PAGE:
March 15, 2011
3/15/11 - 3/16/11 85 °F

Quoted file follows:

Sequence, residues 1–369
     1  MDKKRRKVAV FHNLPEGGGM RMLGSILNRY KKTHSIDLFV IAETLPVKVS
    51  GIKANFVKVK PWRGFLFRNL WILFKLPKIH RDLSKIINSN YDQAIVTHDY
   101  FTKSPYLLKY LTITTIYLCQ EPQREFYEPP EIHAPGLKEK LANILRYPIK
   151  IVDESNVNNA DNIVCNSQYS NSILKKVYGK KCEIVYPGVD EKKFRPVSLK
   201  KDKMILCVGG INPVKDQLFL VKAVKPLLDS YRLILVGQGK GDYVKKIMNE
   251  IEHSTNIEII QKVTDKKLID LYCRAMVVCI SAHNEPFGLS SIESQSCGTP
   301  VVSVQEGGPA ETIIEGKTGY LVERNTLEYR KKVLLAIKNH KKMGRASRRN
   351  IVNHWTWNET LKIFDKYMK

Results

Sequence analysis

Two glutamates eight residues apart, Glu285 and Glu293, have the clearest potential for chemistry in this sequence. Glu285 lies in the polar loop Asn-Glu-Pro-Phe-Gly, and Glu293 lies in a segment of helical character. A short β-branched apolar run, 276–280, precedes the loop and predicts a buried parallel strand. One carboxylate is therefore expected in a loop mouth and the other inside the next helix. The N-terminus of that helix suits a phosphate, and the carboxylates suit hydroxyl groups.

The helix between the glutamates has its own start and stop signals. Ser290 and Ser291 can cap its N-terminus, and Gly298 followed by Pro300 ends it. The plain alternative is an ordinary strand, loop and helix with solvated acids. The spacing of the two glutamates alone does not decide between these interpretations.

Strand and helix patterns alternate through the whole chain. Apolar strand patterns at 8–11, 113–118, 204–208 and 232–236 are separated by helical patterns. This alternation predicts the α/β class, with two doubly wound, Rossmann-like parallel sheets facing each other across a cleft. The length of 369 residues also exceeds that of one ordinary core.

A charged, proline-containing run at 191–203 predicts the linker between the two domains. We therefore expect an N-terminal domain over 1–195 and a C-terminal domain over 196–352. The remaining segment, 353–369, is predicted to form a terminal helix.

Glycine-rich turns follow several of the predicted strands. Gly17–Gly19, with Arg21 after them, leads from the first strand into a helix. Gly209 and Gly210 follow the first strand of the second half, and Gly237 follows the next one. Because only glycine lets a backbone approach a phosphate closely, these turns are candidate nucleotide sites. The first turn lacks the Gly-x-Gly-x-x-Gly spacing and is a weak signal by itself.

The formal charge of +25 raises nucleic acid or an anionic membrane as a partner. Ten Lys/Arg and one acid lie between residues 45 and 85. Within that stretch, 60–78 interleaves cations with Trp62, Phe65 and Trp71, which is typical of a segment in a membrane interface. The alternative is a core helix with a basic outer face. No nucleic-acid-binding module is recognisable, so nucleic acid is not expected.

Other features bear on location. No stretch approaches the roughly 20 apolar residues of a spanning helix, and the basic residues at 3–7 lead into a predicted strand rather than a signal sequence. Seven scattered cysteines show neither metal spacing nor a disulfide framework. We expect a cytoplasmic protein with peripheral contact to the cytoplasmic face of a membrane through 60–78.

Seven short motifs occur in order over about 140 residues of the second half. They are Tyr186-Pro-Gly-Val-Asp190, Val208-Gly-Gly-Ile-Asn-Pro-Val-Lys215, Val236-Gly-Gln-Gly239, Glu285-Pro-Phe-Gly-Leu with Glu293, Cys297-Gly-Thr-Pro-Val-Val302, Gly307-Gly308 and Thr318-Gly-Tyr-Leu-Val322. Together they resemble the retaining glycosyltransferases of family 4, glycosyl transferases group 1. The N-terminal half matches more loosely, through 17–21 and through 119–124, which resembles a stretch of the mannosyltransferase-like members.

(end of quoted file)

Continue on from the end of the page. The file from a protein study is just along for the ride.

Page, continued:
We woke up today around 7am to drop Jim off to the airport. At the airport we learned that “Full Coverage” is not actually an accurate statement for rental cars in South Africa. FYI: Avis does not cover flat tires under any of their insurance policies!? After driving around to just about every tire store in town we chose the cheapest one. It wasn’t that cheap but it was still about $50 less than what Avis wanted to charge us! We drove back to the house and unfortunately Ruby’s GI upset was back in full effect. There was no way Ruby was getting out of bed so she stayed home while Tony and the girls went to the Amarula Factory for a tour. Amarula is an alcohol made from the fruit of the marula tree and one of the only places the marula trees grow is in Phalaborwa. It reminds Tony of Kahlua and cream and it’s yummy! Tony came back to the house and grabbed Ruby (who was feeling much better). Then we all headed off to the Moholoholo Wildlife Rehabilitation Center about an hour away near Hoespruit . . . what a terrific experience. It was created to help animals that have been caught in snares, injured, poisoned or otherwise disabled. We actually got to interact with so many different beautiful birds and animals. The Bateleur Hawk bent his head down so we could pet his neck and his feathers were far softer than anything we could imagine. The 14 month old black rhino’s skin was super dry, tough and thick which is not exactly what we expected. This little rhino was rescued when her mom was killed by poachers for her horns. Remember folks, take it from a doctor: rhino horn does not cure cancer or any other disease, it has the same medicinal properties as your toenails. Meanwhile the young cheetah’s fur was slightly rougher than you would think. Ruby enjoyed that so much she went back to pet the cheetah twice! Tony got to hand-feed meat to a vulture and the guide told him to avoid trouble he should “try not to look dead” hehe. There’s nothing like watching a huge lioness snarl at you from behind a wire fence to make you realize how vulnerable we really are. After the long day we headed back to the house and Carine spoiled us with a really delicious and healthy dinner. . . and remember animals always have the right of way in Africa!